Lucan’s Witch

Erictho by John Hamilton Mortimer

Lucan’s Witch

By Erin Schott


Author’s Statement

From Morgan le Fay to Hermione Granger, witches captivate the imagination. Their motives and magical prowess enthrall the little child in all of us who yearns to cast a spell. And since there is no time of year when the witch receives more attention than Halloween, I thought this would be an appropriate moment to reflect upon the genesis of the contemporary witch by translating a passage of Lucan’s Bellum Civile. This “genesis” of the contemporary witch lies in Lucan’s Erictho, a frightening Thessalian sorceress whom Sextus Pompey has asked to reveal his father’s fate. Erictho has just told Sextus Pompey that she will use her dark arts to reanimate a corpse, which will then tell the fate of Pompey Magnus. In the passage I have translated below, Erictho creates a potion with horrifying ingredients, and then, mimicking various animal and nature sounds, casts a spell to revive her chosen corpse. I selected this passage because it displays Erictho at work; it shows the horrors of her craft and supports W. R. Johnson’s contention that Erictho is “the first recognizably modern witch in European literature.”1 Granted, Circe and Medea may be Erictho’s classical predecessors, but they perform magic for rational purposes: self-defense and love. Meanwhile, Erictho performs her craft because the end of all her work is, as Johnson puts it, “evil for evil’s sake.”2 In other words, she is an irrational creature who enjoys manipulating the laws of the universe and using her power to create horrors. By placing her in Book 6 of his epic, Lucan probably intends Erictho to be a perversion of Vergil’s Cumaean Sibyl, and if so, he has achieved his mission; Erictho is one of the most terrifying characters in classical literature, as I hope to have demonstrated in my translation below.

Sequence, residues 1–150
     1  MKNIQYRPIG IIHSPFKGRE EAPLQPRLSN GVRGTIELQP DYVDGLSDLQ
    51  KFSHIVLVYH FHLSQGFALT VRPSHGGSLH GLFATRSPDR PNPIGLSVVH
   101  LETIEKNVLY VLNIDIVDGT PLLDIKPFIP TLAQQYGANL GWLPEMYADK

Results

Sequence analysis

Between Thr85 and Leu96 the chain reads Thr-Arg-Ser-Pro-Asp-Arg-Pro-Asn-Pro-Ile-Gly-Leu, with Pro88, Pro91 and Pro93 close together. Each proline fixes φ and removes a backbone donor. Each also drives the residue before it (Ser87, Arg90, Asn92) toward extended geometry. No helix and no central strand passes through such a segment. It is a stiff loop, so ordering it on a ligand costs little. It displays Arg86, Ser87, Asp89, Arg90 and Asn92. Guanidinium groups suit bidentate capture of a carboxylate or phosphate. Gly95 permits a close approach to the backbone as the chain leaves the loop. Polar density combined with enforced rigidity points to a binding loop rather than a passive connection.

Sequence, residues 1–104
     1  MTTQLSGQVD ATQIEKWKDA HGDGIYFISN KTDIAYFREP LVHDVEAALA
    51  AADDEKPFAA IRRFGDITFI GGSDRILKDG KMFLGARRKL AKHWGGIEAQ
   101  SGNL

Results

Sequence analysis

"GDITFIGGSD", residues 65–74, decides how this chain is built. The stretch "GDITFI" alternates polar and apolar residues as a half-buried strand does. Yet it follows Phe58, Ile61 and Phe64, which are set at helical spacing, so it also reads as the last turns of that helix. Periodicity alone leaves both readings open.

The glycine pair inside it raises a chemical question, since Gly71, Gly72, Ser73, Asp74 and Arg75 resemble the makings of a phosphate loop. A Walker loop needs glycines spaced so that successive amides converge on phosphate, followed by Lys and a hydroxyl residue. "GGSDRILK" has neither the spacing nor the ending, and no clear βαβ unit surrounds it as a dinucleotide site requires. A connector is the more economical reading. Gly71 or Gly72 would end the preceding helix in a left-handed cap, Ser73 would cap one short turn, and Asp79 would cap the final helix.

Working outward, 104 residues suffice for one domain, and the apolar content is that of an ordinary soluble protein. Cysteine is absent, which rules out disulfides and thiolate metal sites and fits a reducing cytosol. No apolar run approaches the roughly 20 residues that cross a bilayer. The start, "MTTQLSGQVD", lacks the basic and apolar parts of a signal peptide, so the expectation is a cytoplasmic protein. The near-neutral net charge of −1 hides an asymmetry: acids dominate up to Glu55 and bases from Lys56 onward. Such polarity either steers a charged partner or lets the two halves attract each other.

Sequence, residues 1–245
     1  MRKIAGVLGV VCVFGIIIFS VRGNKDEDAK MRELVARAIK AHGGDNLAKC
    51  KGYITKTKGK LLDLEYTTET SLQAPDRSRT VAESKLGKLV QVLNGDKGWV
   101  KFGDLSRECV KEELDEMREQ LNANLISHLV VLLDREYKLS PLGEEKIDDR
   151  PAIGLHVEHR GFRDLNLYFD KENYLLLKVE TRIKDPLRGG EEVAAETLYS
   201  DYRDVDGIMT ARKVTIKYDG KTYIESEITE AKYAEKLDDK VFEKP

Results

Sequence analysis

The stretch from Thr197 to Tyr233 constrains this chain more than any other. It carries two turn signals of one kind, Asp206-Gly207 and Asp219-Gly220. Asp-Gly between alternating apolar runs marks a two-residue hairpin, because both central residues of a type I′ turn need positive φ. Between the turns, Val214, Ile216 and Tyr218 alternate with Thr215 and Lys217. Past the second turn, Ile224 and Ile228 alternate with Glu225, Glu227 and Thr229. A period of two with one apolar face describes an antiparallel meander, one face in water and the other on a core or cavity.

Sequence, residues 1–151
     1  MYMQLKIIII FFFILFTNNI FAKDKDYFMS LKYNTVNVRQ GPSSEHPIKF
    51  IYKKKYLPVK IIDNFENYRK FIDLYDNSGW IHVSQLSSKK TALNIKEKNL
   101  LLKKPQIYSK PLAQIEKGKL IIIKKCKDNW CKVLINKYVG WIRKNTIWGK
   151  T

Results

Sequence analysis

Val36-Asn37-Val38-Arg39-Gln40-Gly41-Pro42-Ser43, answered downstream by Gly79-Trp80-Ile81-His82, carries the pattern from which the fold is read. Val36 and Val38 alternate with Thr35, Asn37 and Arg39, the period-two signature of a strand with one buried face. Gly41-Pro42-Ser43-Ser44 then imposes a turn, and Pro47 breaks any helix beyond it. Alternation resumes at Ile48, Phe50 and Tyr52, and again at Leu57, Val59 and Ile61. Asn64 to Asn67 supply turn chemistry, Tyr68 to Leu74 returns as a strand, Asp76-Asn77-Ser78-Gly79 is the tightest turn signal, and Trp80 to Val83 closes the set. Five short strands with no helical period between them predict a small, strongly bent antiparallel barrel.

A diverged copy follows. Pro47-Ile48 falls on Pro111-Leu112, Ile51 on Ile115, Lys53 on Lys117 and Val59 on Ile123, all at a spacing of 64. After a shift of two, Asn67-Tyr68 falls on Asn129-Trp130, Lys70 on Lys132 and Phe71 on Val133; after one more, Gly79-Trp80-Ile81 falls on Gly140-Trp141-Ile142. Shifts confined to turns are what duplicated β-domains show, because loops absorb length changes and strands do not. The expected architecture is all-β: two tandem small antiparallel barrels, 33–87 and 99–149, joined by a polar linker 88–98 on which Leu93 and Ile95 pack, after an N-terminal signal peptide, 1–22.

Latin Text: Bellum Civile, VI, 654–694.

discolor et uario furialis cultus amictu

induitur, uoltusque aperitur crine remoto,                  655

et coma uipereis substringitur horrida sertis.

ut pauidos iuuenis comites ipsumque trementem

conspicit exanimi defixum lumina uoltu,

‘ponite’ ait ‘trepida conceptos mente timores:

iam noua, iam uera reddetur uita figura,                  660

ut quamuis pauidi possint audire loquentem.

si uero Stygiosque lacus ripamque sonantem

ignibus ostendam, si me praebente uideri

Eumenides possint uillosaque colla colubris